PIA16790: Target 'Wernecke' After Brushing by Curiosity
Target Name: Mars
Is a satellite of: Sol (our sun)
Mission: Mars Science Laboratory (MSL)
Spacecraft: Curiosity
Instrument: MAHLI
Product Size: 6683 x 4987 pixels (width x height)
Produced By: Malin Space Science Systems
Full-Res TIFF: PIA16790.tif (100 MB)
Full-Res JPEG: PIA16790.jpg (3.064 MB)

Click on the image above to download a moderately sized image in JPEG format (possibly reduced in size from original)

Original Caption Released with Image:

The gray area in the center of this image is where the Dust Removal Tool on the robotic arm of NASA's Mars rover Curiosity brushed a rock target called "Wernecke." The brushing revealed dark nodules and white veins crisscrossing the light gray rock. The brushed area is about 2.5 inches (6 centimeters) across. The Mars Hand Lens Imager (MAHLI) camera on the rover's arm took this image during the 169th Martian day, or sol, of Curiosity's mission on Mars (Jan. 26, 2013). Wernecke is in the "Yellowknife Bay" area of Gale Crater.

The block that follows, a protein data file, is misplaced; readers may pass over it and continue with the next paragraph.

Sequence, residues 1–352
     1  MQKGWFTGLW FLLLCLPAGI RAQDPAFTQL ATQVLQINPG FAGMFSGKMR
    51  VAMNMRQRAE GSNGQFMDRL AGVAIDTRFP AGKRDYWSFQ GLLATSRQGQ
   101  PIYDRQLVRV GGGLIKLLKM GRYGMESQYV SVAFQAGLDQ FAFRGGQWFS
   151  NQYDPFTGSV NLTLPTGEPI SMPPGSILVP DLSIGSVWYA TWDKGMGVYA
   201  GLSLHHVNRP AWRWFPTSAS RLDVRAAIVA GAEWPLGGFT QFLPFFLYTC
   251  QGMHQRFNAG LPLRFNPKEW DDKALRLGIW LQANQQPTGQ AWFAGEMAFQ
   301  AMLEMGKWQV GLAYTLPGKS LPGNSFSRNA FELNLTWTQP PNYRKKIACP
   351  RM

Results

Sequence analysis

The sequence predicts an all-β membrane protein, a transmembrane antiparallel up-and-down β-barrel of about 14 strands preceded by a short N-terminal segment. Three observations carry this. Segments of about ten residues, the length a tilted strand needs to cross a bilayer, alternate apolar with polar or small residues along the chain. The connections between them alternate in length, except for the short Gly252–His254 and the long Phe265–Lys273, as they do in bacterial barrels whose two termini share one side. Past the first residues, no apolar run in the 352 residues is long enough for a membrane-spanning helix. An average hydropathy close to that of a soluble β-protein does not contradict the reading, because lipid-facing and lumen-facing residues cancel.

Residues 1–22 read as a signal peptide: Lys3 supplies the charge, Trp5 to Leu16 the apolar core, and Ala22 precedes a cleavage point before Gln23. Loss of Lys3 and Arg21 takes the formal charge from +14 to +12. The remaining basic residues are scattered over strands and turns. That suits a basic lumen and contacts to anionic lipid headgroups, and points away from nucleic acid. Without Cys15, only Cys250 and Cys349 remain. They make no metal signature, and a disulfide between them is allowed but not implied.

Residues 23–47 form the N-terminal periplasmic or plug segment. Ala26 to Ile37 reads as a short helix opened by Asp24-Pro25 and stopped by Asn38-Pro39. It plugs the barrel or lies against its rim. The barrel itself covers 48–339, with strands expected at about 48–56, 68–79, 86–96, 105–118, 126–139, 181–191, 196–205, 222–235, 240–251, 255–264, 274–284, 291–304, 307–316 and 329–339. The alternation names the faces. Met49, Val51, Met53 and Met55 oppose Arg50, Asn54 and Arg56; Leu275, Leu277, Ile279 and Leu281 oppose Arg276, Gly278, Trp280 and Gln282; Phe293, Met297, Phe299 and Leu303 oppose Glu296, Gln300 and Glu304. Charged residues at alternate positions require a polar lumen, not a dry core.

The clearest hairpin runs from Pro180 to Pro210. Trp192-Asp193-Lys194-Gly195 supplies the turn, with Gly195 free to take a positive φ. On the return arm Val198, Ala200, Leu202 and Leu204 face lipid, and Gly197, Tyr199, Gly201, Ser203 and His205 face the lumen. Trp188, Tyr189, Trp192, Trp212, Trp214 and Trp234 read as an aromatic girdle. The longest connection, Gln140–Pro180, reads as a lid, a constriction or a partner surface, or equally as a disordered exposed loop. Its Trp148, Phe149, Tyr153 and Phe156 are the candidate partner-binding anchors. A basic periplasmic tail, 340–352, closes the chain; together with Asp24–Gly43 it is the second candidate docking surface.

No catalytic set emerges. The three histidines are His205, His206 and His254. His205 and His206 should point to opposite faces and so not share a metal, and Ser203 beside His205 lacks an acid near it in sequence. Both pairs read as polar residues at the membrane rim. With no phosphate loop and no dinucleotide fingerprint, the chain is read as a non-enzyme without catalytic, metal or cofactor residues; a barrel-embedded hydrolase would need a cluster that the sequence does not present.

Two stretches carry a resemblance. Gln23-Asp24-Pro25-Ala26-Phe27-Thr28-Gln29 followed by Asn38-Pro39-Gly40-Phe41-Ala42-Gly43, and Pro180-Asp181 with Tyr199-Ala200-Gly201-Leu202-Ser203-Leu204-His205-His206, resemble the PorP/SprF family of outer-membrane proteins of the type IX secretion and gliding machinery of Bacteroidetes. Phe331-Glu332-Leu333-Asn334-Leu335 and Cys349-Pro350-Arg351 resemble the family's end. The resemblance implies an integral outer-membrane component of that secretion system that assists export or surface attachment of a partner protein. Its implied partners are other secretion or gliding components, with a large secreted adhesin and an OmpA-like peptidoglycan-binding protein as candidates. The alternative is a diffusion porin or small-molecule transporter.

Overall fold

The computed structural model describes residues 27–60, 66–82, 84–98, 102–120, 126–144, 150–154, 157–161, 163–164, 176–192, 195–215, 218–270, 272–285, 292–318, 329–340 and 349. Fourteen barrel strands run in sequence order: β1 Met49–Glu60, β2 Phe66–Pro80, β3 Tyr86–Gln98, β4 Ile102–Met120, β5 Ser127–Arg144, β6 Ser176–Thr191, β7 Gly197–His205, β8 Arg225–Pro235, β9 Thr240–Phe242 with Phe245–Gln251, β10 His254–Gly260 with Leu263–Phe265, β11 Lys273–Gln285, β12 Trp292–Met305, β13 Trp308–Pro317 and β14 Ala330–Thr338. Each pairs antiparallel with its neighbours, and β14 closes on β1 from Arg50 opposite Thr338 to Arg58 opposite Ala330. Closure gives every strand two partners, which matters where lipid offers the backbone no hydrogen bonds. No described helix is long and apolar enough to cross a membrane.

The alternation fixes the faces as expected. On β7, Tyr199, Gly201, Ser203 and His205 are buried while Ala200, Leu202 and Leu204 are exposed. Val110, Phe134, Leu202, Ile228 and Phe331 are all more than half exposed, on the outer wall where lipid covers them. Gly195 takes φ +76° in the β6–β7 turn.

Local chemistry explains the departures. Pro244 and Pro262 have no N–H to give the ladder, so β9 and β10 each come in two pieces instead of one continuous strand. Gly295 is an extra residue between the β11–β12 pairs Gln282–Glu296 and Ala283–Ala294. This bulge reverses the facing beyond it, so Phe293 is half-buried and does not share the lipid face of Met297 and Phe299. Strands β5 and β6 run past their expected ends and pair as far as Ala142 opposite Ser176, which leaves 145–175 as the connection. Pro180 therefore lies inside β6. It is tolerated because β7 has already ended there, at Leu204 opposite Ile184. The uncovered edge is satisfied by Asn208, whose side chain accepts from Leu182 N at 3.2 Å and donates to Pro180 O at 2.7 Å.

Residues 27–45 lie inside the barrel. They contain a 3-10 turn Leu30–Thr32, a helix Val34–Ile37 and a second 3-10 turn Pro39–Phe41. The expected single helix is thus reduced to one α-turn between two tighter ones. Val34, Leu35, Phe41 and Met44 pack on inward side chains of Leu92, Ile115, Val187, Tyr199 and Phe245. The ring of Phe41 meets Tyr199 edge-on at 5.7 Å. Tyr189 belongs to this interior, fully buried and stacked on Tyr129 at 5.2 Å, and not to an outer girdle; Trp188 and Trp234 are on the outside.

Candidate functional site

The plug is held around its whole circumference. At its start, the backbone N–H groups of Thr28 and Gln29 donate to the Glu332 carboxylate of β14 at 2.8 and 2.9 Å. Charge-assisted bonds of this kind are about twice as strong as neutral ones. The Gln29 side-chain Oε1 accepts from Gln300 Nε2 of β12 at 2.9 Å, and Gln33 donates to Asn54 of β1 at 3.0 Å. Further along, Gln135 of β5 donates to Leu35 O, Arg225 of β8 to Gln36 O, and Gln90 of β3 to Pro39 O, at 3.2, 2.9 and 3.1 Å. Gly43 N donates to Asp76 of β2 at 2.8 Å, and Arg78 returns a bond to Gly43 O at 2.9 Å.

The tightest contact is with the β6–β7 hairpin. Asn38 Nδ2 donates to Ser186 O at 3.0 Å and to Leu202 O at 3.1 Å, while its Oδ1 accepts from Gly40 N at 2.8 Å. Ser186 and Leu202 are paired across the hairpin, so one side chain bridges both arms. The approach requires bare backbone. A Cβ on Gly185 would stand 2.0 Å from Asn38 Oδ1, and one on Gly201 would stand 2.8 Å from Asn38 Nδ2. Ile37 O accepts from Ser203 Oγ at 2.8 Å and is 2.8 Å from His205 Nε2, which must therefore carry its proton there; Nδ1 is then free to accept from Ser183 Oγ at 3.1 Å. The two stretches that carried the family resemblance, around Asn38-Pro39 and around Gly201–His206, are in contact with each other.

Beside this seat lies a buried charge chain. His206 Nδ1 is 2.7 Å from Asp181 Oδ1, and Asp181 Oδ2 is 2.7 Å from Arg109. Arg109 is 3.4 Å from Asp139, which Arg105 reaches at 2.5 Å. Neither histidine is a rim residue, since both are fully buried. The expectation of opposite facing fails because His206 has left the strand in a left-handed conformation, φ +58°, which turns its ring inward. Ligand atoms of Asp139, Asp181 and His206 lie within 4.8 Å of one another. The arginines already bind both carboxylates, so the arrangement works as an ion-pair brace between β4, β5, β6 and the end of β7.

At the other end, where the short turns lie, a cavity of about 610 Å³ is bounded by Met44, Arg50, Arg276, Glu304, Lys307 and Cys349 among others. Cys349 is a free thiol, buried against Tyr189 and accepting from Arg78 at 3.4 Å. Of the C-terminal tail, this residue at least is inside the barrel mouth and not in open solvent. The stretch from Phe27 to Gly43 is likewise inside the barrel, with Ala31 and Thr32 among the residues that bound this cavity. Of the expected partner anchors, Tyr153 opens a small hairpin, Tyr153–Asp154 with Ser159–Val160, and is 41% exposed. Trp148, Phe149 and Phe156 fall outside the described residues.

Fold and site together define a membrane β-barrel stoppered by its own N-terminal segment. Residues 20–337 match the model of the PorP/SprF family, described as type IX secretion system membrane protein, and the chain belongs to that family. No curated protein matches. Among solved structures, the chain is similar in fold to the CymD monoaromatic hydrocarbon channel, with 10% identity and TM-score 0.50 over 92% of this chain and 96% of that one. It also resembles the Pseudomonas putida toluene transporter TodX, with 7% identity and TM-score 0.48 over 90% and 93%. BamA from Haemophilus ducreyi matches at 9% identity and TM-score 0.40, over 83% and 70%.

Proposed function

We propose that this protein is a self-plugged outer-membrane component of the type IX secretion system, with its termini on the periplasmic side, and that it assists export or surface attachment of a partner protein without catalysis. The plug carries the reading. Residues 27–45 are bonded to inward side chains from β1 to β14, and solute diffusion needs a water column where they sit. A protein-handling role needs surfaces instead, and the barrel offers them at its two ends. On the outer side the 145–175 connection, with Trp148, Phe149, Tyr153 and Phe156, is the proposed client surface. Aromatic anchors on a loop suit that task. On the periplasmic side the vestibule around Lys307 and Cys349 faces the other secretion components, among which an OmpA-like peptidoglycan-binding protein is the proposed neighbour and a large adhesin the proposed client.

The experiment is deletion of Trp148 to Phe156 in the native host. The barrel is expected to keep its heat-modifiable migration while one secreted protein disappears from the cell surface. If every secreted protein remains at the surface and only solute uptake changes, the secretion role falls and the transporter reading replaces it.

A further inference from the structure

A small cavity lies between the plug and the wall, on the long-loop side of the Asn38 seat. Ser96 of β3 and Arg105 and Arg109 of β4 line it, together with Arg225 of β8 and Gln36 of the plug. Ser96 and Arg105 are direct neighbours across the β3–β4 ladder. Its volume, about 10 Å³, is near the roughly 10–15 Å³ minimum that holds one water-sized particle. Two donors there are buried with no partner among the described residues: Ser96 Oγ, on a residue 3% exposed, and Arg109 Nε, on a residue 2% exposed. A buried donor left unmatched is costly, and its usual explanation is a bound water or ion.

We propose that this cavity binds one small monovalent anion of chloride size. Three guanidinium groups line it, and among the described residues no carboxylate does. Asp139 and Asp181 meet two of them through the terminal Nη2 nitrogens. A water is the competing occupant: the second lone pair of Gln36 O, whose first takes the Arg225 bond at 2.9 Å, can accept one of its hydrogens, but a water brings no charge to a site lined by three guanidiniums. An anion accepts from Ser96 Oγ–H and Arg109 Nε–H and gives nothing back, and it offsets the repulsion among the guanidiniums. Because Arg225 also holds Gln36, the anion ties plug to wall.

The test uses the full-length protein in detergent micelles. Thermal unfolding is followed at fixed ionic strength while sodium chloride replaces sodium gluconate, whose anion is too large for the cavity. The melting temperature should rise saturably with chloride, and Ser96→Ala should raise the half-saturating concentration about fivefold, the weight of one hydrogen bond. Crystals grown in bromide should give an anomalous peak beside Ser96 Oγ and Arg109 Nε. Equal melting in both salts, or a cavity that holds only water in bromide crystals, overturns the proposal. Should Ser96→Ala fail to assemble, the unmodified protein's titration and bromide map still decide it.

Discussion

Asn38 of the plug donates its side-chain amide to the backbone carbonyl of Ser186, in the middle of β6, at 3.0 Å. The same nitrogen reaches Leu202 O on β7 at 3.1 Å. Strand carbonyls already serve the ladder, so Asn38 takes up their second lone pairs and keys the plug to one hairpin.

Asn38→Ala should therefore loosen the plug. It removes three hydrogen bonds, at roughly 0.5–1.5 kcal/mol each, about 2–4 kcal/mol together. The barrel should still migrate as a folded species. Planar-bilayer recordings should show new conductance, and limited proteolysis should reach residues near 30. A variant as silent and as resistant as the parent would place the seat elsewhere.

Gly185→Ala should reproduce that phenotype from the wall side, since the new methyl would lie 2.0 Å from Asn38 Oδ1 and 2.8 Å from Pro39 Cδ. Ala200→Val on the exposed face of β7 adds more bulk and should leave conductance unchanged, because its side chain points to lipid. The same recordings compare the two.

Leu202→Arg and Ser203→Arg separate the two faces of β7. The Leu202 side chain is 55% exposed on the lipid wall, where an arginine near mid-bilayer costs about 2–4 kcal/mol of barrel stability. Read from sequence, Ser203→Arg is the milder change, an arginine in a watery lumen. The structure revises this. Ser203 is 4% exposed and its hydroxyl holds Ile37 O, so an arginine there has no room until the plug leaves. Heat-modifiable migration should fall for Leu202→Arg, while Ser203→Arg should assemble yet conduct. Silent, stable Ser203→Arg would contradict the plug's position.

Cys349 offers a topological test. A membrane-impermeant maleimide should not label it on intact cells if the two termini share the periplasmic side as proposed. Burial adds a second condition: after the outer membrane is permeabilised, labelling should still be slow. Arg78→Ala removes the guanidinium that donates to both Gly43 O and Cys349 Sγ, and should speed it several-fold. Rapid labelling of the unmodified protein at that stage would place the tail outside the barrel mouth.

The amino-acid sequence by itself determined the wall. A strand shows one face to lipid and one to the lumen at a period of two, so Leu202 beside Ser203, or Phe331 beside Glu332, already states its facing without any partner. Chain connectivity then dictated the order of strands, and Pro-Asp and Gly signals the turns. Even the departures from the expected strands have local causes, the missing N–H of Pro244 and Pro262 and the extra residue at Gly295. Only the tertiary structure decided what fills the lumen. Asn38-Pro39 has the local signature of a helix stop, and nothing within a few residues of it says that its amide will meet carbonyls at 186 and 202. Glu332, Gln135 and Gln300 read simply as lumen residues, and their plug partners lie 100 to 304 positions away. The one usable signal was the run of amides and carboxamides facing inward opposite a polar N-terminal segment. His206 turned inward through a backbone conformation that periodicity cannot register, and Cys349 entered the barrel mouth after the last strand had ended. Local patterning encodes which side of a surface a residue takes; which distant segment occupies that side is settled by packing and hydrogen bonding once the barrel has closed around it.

Malin Space Science Systems, San Diego, developed, built and operates MAHLI. NASA's Jet Propulsion Laboratory, Pasadena, Calif., manages the Mars Science Laboratory Project and the mission's Curiosity rover for NASA's Science Mission Directorate in Washington. The rover was designed and assembled at JPL, a division of the California Institute of Technology in Pasadena.

For more about NASA's Curiosity mission, visit: http://www.jpl.nasa.gov/msl, http://www.nasa.gov/mars, and http://mars.jpl.nasa.gov/msl.

Image Credit:
NASA/JPL-Caltech/MSSS

Image Addition Date:
2013-03-18